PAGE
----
The Refusenik Who Took Photographs of Life in the Gulag

A native of the Latvian city of Riga, Joseph Schneider narrowly escaped the Nazis and joined the Red Army in 1944, serving for the next seven years. He then dedicated himself to sharpshooting (he reportedly set a world record in 1954), photography, and clandestine Zionist activism. Recently the Israel National Library acquired his extensive collection of photographs. Yaakov Schwartz writes:

Schneider spent four years in the gulag from 1957 through 1961 for the crimes of supporting Zionism and disseminating pro-Israel materials from his photography studio in [then-Soviet] Riga. In truth, the studio was really a cover for his illicit Jewish nationalist activities.

However, his dexterity with a camera quickly became known among the inmates and was brought to the attention of a guard who had been tasked with documenting day-to-day life in the camp. In exchange for the last two frames of each film roll, Schneider taught the guard some photography basics. When Schneider was freed, he smuggled out a cache of photographic evidence, hidden in the false bottom of a picture frame. The archive was the likes of which the world has never seen. . . .

In addition to the gulag, Schneider documented his grassroots efforts to promote Zionism in Latvia. He also took photos of Jewish historical sites and instances of religious observance throughout the former Soviet Union during the Stalinist era. Then, such activity could mean summary execution. . . .

According to [his son] Uri, Schneider was one of the first Soviet Jews in the early 1950s to apply to emigrate to Israel. [He] filled out the paperwork knowing full well that the Jews who had naively done the same in 1948 thinking that Israel’s socialist government made it a natural Soviet ally had been imprisoned, and many of them killed. Schneider would repeat the process—and get denied—sixteen times. . . . Following the 1968 exit of fellow refusenik and activist Dov Schperling—whom Schneider had met and mentored at the Mordovian gulag—Schneider’s request to move to Israel was finally approved in 1969.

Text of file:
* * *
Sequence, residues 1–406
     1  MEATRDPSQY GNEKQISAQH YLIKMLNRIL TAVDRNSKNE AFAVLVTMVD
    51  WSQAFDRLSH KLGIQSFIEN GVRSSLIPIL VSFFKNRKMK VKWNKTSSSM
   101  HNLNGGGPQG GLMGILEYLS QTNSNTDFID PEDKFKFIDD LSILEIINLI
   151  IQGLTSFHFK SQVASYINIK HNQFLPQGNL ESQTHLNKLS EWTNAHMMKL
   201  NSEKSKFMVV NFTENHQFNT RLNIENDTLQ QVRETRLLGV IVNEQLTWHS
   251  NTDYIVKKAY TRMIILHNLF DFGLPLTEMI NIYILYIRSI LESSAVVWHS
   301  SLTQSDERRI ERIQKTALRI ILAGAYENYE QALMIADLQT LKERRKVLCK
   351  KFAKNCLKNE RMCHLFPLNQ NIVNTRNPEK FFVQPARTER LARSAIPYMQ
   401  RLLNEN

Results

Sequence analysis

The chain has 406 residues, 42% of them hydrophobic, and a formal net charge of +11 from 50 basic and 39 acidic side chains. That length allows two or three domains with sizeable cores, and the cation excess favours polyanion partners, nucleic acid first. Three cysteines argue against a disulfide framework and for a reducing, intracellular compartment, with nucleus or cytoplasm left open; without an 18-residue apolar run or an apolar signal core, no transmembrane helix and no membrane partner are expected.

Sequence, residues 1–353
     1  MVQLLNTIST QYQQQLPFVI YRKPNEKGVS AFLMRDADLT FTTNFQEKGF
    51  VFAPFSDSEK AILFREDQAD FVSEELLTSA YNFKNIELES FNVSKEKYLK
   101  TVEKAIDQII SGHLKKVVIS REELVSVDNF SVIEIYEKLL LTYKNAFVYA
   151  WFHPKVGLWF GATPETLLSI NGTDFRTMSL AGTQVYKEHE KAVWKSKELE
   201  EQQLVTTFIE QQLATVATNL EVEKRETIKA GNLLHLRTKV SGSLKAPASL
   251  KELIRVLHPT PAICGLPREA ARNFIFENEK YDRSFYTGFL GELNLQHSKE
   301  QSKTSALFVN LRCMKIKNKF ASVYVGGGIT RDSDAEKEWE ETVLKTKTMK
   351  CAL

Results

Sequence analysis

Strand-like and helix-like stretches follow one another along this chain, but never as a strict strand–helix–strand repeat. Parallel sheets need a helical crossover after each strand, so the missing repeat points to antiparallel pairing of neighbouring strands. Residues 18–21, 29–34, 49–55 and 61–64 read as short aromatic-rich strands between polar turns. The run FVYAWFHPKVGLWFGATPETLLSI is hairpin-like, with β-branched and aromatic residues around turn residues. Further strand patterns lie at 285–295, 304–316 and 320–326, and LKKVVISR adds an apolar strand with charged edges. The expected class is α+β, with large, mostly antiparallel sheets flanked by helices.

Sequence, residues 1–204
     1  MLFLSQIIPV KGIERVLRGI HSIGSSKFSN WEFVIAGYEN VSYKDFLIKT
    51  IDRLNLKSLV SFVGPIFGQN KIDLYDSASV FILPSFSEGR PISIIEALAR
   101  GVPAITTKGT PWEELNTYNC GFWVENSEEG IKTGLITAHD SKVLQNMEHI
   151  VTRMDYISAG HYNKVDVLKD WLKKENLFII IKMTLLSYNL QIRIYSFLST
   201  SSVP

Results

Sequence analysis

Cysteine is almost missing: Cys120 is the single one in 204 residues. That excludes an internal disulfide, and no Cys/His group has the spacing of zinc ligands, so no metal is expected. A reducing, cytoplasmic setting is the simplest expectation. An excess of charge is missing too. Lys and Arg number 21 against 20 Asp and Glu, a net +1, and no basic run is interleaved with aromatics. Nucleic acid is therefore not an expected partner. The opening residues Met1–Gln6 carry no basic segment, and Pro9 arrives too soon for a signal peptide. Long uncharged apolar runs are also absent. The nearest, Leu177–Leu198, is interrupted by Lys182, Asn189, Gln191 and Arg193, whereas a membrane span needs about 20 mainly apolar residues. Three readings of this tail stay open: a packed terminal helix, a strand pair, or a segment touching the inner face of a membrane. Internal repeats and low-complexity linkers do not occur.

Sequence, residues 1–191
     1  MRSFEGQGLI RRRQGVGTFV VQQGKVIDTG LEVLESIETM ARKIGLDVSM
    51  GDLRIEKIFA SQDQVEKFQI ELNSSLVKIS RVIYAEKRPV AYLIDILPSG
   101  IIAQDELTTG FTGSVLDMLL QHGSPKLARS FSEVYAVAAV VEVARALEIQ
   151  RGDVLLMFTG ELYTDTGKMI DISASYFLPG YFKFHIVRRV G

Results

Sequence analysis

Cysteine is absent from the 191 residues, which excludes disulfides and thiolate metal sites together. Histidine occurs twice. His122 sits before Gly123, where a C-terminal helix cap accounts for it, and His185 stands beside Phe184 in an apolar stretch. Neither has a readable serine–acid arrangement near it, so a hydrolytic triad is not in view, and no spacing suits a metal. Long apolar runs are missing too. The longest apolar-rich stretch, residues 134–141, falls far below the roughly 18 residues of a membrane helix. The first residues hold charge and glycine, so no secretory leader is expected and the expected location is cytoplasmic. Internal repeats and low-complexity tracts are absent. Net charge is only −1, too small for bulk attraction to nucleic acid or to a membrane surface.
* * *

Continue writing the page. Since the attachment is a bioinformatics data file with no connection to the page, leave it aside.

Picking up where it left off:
Schneider died in Israel in 2006.

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Read more at Times of Israel

More about: History & Ideas, Photography, Soviet Jewry, Soviet Union, Zionism

Why Is Iran Acquiring Property in Venezuela?

In June Tehran and Caracas concluded a major twenty-year cooperation treaty. One of its many provisions—kept secret until recently—was the transfer of 4,000 square miles of Venezuelan land to Iranian control. Although the territory is ostensibly for agricultural use, Lawrence Franklin suspects the Islamic Republic might have other plans:

Hizballah already runs paramilitary training centers in restricted sections of Venezuela’s Margarita Island, a tourist area northeast of the country’s mainland. The terrorist group has considerable support from some of Venezuela’s prominent Lebanese clans such as the Nasr al-Din family, who reportedly facilitated Iran’s penetration of Margarita Island. . . . The Maduro regime has apparently been so welcoming to Iranian intelligence agents that some of Hizballah’s long-established Latin American network at the tri-border nexus of Brazil, Argentina, and Paraguay has been overtaken by Hizballah activities on Venezuela’s Margarita Island.

Iran’s alliance with Venezuela most importantly provides Tehran with opportunities to target U.S. interests in Latin America and potentially the southern United States. Iran, along with the Chinese Communist Party, is in the process of strengthening Venezuela’s military against the U.S., for instance by deliveries of military drones, which are also considered a threat by Colombia.

While air and seaborne arms deliveries are high-profile evidence of Iran’s ties with Venezuela, Tehran’s cooperation with Venezuelan intelligence agencies, although less visible, is also intense. The Islamic Republic’s support for Hizballah terrorist operations is pervasive throughout Latin America. Hizballah recruits from Venezuela’s ten-million-strong Lebanese diaspora. Iran and Hizballah cooperate in training of intelligence agents and in developing sources who reside in Venezuela and Colombia, as well as in the tri-border region of Brazil, Paraguay, and Argentina.

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Read more at Gatestone

More about: Iran, Latin America, Venezuela